Sunday, March 16, 2008

Posted in response... Arguments for buying Solar.

My many cents (I think this might go on long):

I see you're in Massachussetts. There's an excellent tradition of Solar in that state, I believe it's the home of both Evergreen Solar and Spire Solar.

Here's the DSIRE page for your state on incentives available in your state:

The Federal incentive program is also available till the end of this year.

A professional installer would be able to calculate all of the incentives and give you totals.

Go get some numbers, and see what kind of payback timeframe you're looking at. Remember, the standard warranty timeframe for silicon-based panels is typically 25-30 years.

Buy now, or buy later?

If you want "cheaper, more efficient technology" then you're pretty much out of luck. You'll have to wait for at least a year. It's all pretty expensive(*)(**).

An Argument for buying now:

If the shit hits the fan, and for whatever reason Energy prices (continue to) spike in the next couple of years***, or if power simply becomes unavailable, then you'll be served by having bought now. However, prices of equipment and installation are undoubtedly high. If you have the money, then it might be worth the immediate investment. It depends on what you see happening in the next few years as far as the World Economy is concerned.

An Argument for buying later:

Industry "shorts" argue that there will be a "glut" of Silicon and Silicon-based panels on the market in the next year or two. They argue that the manufacturing capability is scaling up way too fast, and that it will outstrip demand, reduce prices of the final product, and cause the industry to bust. If this happens, it will be within two years as the world's polysilicon supply increases manyfold as many projects currently in development begin producing. Personally, I believe the shorts are incorrect (and very often shills for the Fossil / Nuclear Industries). The company LDK Solar, for instance, has just announced that they are almost completely sold out of product for '08 and '09, and they have numerous long-term contracts stretching out over the next 10 years with European and Asian trading partners. In any case, any price reduction will serve to boost demand until a balance is achieved, and considering the Economy's thirst for Energy, I don't believe that prices are going to collapse for many years. This isn't the 70's again, Fossil Energy has few options for new development with which to increase supply.

"Shorts" also argue that thin-film panels will take over the market, and blow away today's Silicon Technology in efficiency and price. This may be, but I have my doubts. For one, thin films are less efficient per unit area than Silicon-based Panels, and they have their own "feedstock" constraints. Some use Cadmium Telluride, where Cadmium is toxic, and Tellurium is one of the rarest elements on Earth, and others use Indium, which is not incredibly rare, but is not common. Another factor between thin films, and Silicon-based panels would be durability / working lifespan, and I don't think we have the numbers yet.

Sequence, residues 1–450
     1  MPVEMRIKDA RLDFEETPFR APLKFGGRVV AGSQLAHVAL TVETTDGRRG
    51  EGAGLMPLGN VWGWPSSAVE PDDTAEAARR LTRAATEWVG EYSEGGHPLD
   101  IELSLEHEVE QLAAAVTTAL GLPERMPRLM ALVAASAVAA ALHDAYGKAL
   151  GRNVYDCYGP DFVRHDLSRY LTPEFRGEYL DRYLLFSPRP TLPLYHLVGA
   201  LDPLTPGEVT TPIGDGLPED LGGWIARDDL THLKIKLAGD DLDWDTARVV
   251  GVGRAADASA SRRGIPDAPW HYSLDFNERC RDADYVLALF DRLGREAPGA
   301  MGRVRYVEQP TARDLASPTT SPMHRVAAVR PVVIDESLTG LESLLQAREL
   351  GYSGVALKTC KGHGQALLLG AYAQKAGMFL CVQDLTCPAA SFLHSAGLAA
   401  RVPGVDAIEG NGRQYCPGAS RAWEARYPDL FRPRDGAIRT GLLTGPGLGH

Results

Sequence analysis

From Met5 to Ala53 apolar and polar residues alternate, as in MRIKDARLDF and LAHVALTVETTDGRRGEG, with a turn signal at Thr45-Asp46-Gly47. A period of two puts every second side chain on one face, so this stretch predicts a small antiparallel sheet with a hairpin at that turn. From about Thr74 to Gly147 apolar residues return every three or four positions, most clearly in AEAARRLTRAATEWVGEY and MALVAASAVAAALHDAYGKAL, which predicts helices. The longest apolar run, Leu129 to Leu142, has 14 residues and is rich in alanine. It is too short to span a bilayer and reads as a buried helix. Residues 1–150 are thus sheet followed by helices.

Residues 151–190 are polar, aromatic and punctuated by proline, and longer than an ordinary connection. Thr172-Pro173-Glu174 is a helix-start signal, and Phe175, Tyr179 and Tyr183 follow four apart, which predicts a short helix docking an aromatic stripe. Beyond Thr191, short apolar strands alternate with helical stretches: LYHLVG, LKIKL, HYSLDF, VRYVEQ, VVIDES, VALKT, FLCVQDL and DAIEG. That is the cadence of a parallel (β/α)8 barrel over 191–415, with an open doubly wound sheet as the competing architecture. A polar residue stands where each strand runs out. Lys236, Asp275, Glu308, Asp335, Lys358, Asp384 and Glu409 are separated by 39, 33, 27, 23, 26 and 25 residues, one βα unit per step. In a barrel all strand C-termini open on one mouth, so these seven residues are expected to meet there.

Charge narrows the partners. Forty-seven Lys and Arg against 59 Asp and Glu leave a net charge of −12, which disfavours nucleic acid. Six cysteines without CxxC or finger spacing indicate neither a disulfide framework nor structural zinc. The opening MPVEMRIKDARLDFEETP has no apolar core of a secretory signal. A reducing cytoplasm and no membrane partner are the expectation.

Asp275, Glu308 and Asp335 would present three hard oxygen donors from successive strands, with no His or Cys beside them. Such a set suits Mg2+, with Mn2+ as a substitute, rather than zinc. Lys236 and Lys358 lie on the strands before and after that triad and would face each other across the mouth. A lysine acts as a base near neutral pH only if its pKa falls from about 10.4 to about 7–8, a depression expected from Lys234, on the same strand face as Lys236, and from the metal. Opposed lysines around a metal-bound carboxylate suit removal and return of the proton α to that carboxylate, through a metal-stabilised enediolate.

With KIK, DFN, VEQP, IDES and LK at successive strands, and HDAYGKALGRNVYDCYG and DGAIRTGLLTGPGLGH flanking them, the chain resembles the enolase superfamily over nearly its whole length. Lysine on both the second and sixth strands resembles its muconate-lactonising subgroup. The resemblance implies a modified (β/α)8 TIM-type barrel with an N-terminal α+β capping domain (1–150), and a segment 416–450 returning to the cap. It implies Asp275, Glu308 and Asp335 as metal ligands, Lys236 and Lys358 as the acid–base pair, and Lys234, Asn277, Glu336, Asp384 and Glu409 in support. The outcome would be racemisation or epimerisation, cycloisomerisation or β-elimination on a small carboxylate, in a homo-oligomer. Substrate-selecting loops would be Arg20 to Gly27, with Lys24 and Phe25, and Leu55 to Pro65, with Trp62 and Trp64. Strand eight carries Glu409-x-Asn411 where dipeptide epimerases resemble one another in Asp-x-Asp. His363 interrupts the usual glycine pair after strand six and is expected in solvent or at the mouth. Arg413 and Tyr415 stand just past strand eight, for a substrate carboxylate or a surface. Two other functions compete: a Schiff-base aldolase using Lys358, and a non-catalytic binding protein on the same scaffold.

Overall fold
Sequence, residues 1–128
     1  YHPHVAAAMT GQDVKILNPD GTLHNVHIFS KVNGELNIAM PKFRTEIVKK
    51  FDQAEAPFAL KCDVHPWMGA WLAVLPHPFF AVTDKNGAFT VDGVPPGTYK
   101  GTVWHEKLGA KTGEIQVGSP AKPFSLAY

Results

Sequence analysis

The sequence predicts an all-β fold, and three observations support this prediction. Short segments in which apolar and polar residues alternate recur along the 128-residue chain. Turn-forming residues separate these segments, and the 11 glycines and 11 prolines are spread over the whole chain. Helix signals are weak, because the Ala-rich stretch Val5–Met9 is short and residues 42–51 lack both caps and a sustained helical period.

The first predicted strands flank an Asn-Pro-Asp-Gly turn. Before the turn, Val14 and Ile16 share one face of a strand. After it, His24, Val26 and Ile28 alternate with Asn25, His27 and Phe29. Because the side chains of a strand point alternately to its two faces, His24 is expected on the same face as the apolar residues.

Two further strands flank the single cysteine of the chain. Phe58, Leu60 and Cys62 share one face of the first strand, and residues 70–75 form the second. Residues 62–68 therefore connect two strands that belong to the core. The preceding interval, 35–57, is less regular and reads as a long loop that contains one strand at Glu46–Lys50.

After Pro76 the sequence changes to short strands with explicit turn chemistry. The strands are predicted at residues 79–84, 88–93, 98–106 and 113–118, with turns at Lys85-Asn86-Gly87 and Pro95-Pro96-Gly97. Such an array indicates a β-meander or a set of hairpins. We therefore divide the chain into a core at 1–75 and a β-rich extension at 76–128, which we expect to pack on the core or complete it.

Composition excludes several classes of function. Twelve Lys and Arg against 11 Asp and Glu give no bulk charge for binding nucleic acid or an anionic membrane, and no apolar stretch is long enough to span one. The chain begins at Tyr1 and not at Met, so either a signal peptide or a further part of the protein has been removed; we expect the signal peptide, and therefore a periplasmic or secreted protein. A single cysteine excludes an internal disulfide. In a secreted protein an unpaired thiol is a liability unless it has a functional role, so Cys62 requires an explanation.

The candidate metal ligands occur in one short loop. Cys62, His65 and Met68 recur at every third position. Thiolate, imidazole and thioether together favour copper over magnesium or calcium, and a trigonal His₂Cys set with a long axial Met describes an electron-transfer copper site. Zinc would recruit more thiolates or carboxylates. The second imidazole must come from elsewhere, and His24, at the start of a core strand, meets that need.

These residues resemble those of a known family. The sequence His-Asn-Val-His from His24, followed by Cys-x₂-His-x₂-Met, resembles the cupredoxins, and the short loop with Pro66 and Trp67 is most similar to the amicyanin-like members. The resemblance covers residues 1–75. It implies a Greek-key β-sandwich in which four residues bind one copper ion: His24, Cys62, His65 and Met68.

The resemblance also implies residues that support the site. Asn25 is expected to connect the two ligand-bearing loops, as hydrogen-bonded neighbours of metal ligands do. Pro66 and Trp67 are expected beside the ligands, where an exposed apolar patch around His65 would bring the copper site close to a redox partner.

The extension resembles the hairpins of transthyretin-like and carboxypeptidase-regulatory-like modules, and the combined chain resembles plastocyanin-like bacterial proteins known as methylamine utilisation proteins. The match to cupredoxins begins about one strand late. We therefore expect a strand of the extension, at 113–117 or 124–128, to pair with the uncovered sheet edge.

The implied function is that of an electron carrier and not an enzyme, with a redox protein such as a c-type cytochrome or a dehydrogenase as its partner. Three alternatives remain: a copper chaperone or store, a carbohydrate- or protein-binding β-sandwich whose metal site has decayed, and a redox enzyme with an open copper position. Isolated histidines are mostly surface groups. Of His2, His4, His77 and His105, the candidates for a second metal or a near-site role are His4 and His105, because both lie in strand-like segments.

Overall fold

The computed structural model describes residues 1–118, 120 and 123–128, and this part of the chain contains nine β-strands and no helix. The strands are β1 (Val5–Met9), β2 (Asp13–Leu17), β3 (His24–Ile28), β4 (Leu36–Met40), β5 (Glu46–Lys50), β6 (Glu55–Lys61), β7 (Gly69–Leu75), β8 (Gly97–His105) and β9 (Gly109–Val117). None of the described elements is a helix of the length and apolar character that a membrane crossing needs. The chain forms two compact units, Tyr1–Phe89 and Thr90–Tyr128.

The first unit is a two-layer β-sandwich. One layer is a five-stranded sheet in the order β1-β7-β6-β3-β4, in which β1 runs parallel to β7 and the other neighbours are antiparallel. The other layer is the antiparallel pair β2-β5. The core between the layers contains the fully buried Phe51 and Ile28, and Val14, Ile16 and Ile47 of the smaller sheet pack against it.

Positive arguments for buying later would also include increased Federal Subsidies under a Democratic President / Congress, as well as new Incentives that will be forthcoming from Lenders (we've seen a couple examples of banks seeing value in lending for these projects, and I think we'll see more coming).

An Argument for buying Solar stock:

Maybe it makes sense to wait before Installing at home, but there are Installations happening at an increasing rate all over the World. It is my strongest "Belief" that getting into certain stocks over the next year is truly getting in on the Ground Floor of an Industry Boom. In truth, these stocks have been beat up since the end of last year, and I call that a good thing for anybody who gets in while they're out of favor. The risk, of course, is that the World Economy will collapse, taking with it the Stock Markets. If that happens, then you had better have a Home Energy Installation, firearms, and a stash of food. Otherwise, it seems to me fair to say that as the cost of all Energy Increases (in US Dollars, at least), combined with the economies of scale that we're seeing develop in Solar Manufacturing over the last 2 years (and the rest of '08), Public Companies in this Industry will be increasingly recognized by American Investors as we go into '09 and beyond, and owning some stock during a period of growth could eventually offset some of the increases that you'll see in your own power bills.

Anywhoo, just a couple of thoughts.

* There has been a shortage of Polysilicon for use in Silicon-based panels, and in the next year many new plants will be up and running around the world.

** It's possible that you could get some kind of solar water-heating system for a bit cheaper than PV.

*** Possibly due to further devaluation of the US Dollar?

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Anonymous said...

LDK doesn't sell to the end market, it's just a supplier to solar manufacturers, so the fact that they are sold is simply becasue the manufacturers are expansing like crazy and buying up raw materials as fast as they can at absurd prices.

D Pickard said...

Sure thing. There hasn't yet been an indication that those modulemakers are finding themselves unable to sell their product, and with oil and coal both increasing in price, it's likely that sales will remain strong.